How to Get Heard in a Noisy Marketplace – Always Provide Value


I’m on a journey. A quest. Pursuing a dream.

In May, I began working full-time as a content marketing consultant and freelance content writer. My long-term goal is to build up a digital marketing agency.

What I seek to do in this blog is take you along for the ride as I grow from consultant to consultancy to agency, sharing lessons, tips, anecdotes, strategies, and tactics that I learn along the way.

So, you’re a new freelancer. Perhaps, you wish to remain a freelancer or maybe, like me, you have dreams to build an organization. You probably have a lot of questions and could use some friendly guidance from someone who has been doing this for a while and earning a living from it.

Here, I will share my advice with you. I’m not trying to sell you on a course or on my services. I’m not going to give you only a tiny taste, but hide the “good stuff” behind a pay wall.

No, I’m going to document my journey and the lessons I learn for your benefit. And I’m not afraid of competition or of anyone using my advice to outdo me. Not going to happen. I have no fear that my readers will use what I share to beat me, because most of the people reading this blog are either too lazy or too untalented to replicate what I do. Sorry, but that’s the truth.

I wish everyone success and I’m happy for those who do find my blog helpful . I hope my blog helps others grow and succeed. There’s enough business out there for all of us and if I provide you with value, I’m sure one day we’ll work together, refer one another, or in some way benefit each other.

And that will be today’s lesson:

Always provide value.

Provide it day in and day out. Don’t be afraid to give things away.

We live in exciting times. Technology and new media have created a situation in which brands and advertisers no longer have a captive audience. Today, we can fast-forward commercials, block ads, and filter what content we see and engage with. This is especially true on the internet where so much is competing for our delicate attention spans.

Marketers no longer have to compete with the competition alone. Now, they also have to compete with people’s baby pictures, interesting blog posts, cat videos and other wonderful things on the Internet. And lest you think this only applies to social media, social media is how most of us experience the Internet these days.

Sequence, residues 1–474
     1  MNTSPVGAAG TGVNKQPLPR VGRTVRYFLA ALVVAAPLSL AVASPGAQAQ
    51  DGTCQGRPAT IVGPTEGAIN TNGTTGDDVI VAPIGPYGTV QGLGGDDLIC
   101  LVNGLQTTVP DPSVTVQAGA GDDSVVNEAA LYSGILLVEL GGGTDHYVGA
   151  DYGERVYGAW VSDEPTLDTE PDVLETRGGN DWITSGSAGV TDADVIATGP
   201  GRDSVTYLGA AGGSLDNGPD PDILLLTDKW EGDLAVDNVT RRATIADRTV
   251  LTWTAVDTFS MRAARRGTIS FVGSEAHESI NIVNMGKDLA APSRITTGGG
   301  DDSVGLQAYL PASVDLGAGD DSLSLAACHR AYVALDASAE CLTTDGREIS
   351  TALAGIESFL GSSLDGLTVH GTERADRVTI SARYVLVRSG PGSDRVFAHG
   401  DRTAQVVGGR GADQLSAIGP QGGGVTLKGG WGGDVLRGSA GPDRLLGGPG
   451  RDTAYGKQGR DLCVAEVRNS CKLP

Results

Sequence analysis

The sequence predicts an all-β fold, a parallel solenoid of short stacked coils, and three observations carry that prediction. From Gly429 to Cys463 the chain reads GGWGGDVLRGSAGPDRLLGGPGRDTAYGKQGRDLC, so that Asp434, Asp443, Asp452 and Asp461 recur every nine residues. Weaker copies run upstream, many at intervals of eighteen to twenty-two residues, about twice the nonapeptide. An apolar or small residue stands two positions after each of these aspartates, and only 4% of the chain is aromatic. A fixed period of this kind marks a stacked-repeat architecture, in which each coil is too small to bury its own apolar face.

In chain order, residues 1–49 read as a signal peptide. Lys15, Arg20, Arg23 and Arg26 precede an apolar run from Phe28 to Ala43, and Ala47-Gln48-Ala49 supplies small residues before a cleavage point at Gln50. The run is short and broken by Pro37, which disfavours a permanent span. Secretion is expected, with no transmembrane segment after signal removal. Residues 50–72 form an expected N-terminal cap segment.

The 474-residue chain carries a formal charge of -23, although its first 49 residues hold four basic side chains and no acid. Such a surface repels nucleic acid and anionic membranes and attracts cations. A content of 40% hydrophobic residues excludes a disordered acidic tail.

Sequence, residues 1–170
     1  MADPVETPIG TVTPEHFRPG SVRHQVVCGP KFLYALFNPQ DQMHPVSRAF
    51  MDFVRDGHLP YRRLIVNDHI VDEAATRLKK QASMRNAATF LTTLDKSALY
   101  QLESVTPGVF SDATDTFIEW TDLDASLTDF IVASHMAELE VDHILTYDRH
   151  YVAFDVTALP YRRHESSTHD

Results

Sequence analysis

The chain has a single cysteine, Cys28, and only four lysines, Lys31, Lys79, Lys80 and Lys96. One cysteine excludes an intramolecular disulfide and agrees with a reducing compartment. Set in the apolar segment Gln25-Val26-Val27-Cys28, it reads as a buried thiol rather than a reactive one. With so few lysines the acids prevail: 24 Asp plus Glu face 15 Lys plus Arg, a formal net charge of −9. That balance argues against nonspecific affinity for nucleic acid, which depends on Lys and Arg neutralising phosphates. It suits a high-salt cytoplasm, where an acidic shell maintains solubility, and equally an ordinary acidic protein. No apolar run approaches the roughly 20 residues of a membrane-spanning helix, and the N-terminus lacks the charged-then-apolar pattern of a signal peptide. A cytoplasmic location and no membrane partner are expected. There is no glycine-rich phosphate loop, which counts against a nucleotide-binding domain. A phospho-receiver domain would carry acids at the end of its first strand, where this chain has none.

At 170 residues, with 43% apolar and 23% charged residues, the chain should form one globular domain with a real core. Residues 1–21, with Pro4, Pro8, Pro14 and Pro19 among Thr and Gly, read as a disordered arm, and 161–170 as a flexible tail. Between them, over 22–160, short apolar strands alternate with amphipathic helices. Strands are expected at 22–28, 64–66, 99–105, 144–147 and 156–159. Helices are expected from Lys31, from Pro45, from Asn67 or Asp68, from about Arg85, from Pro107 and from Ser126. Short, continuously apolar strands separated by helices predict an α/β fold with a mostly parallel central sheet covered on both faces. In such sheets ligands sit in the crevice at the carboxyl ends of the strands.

Pioneers like Gary Vaynerchuk, Dave Kerpen, and Seth Godin have long preached that to get attention in today’s marketplace, it’s no longer viable to go around saying you’re the best. People don’t have time to listen to you – unless you provide them with value.

We engage with the content we want to engage with and we do so on our own time. Today’s consumer has no time to be interrupted. We can’t be bothered. What’s in it for me? Tell me now or I’m outta here. This puts pressure on brands to provide content that is of value to the consumer and not solely of benefit to the brand.

What do I mean by value?

By value, I mean anything that adds to a user or consumer’s life in a positive way. This could be knowledge, entertainment, or something emotionally moving. Creating and sharing content that adds value and gets attention in order to attract prospects and delight customers is called content marketing.

The content that does the best is generally that which educates or inspires. The marketers of today have to think less like advertisers and more like media companies. Less like a TV commercial and more like a TV show.

While there are certainly early adopters and major brands with huge budgets going all in on content marketing, the vast majority of businesses are still behind the curve.

They are still spending a lot of money on outbound, one-way broadcast advertising (e.g. print ads and TV/radio commercials) and traditional digital (SEO, pre-roll video ads, banner ads, and paid search ads). Many of them are simply borrowing advertising techniques of the pre-Internet days or the Internet of the last decade.

The market has grown savvier and when this next generation of millennials (and later, generation Z) develops greater purchasing power, many businesses will not know what hit them. As someone who sells content marketing, it’s sometimes frustrating for me to see how slow many businesses are to adapt and how little priority things like social media are given.

However, this leaves more room for me and others who “get it” to grow and succeed.

We are currently undergoing a gigantic shift in how we consume media and how we interact with brands. Most of the marketing/advertising and business establishment has not moved with the times despite the big game they talk. It takes a long time for larger organizations to rearrange processes and implement large-scale changes.

But those of us who are small (freelancers, startups, small businesses) can readily implement our vision, and make changes quickly and nimbly. In that sense, we have an advantage. We can use the Internet and various tools at our disposal to get attention and break through the noise.

The way most businesses market is out of step with the way most people choose to consume media. This leaves open a tremendous white space for us to play in. The future belongs to those of us who are fearless enough to take advantage, put in the time, and hustle.

Let’s do this together!